- Tensions are running high between drivers and Gopuff warehouse managers in the area.
- About a week ago, Gopuff raised $1 billion in a round valuing the startup at $15 billion.
- Some Gopuff drivers consider work stoppage to protest pay cuts; worker advocacy group involved.
In recent days, Gopuff drivers across Philadelphia received notes that they were about to get an hourly pay cut — down around 30% for at least one warehouse, according to multiple Gopuff drivers and emails reviewed by Insider. The drivers say the move is part of a continuing decline in driver pay at the company’s oldest and busiest locations.
Tensions have been running high between drivers and Gopuff managers in the area, with the drivers complaining that the company has been shortchanging them and refusing to hear their demands for more consistency and clarity about how much they’re set to make on a shift.
Tempers flared in a company-run online chat room where drivers communicate with each other and management at the warehouse. The company later blocked workers from entering the room. One driver who spoke out said his contract was terminated the next day.
“Given the fast moving nature of our industry, we will make adjustments to partner compensation to balance a continuously changing supply and demand dynamic in each market we serve,” a Gopuff spokesperson said. “This is industry standard and we do so to work to ensure our delivery partner earnings are not adversely affected. We will continue working to communicate any changes clearly, transparently and proactively to our delivery partners.”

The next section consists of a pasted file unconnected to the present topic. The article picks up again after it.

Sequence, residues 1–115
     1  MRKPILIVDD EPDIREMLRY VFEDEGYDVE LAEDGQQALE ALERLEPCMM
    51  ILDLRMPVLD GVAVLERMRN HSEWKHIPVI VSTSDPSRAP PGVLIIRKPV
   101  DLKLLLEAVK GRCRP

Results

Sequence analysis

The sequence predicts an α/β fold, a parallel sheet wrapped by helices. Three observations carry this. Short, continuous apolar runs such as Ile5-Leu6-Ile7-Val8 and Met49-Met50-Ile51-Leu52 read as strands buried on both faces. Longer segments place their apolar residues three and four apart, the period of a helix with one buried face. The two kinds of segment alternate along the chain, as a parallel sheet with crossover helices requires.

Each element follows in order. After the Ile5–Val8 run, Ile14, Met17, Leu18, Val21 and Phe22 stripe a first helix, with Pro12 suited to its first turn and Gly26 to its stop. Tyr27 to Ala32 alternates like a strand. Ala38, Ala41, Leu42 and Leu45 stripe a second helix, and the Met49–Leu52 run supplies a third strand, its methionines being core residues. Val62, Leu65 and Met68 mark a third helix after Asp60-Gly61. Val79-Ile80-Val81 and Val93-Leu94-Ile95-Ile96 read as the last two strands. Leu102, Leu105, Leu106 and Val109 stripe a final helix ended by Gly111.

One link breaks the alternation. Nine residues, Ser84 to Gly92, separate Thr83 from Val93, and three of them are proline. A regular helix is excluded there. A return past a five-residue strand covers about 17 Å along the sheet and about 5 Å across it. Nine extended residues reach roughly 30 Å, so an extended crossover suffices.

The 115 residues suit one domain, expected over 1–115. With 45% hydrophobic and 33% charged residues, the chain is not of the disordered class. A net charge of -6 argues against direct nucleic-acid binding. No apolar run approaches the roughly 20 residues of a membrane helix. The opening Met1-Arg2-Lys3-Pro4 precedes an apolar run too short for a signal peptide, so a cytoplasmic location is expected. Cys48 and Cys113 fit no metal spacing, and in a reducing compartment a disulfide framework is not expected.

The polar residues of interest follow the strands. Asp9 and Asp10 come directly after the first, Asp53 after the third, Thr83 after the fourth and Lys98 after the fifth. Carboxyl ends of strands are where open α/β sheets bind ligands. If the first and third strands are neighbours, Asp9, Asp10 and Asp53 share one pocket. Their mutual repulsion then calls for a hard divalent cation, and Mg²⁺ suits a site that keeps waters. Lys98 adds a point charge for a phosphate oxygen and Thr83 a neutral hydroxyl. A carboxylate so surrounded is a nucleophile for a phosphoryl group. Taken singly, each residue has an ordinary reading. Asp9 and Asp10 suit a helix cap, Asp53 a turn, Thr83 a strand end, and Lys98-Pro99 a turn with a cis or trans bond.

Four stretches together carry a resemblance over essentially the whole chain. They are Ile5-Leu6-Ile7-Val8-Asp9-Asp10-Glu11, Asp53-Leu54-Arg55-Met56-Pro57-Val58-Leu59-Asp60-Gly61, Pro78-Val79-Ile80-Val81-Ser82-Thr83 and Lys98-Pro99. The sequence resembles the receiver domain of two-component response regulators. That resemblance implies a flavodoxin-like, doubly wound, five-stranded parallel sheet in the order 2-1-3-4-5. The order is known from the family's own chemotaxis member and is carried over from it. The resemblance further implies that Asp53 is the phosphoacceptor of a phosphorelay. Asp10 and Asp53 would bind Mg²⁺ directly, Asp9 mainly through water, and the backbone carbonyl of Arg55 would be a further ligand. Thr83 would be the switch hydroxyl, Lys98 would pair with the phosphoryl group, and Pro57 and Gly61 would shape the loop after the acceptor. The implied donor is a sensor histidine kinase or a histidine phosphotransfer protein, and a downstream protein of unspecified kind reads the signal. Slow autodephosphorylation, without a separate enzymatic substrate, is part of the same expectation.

The debate around driver pay is playing out at the same time that the convenience store delivery service has been on a torrid growth spurt, raising capital, staffing up its corporate ranks, and planning international expansion. The scheduled date when Philadelphia-area drivers are set to receive a pay cut comes about a week after Gopuff announced it raised $1 billion in fresh capital, pushing its valuation to $15 billion.
Unlike other gig economy companies like Uber, Instacart and DoorDash, Gopuff drivers have more direct interaction with the company. Throughout the cities where it operates, the company runs mini warehouses stocked with items such as pretzels, ice cream and alcohol. Drivers typically sign up for shifts, wait in line outside the warehouses to be given bags to deliver, and interact there with managers.
The pay issues for drivers in the Philadelphia area may be a particularly painful one because the region is one of the oldest and most lucrative in the company’s network. Gopuff was co-founded in 2013 by two students at Philadelphia’s Drexel University. Its headquarters remain in the city, and one of its busiest and oldest warehouses is in the Ludlow neighborhood.
Pay for Gopuff drivers is a complicated mix of hourly wages, one-off incentives and customer tips. Typically drivers who sign up for shifts are given fees for each bag they deliver, plus occasional promotional incentives. They also can receive a guaranteed subsidy to ensure they make a minimum amount if orders are slow during a shift. Customer tips are extra, though drivers say they’re fairly small given that order sizes are small and Gopuff customers are often college students.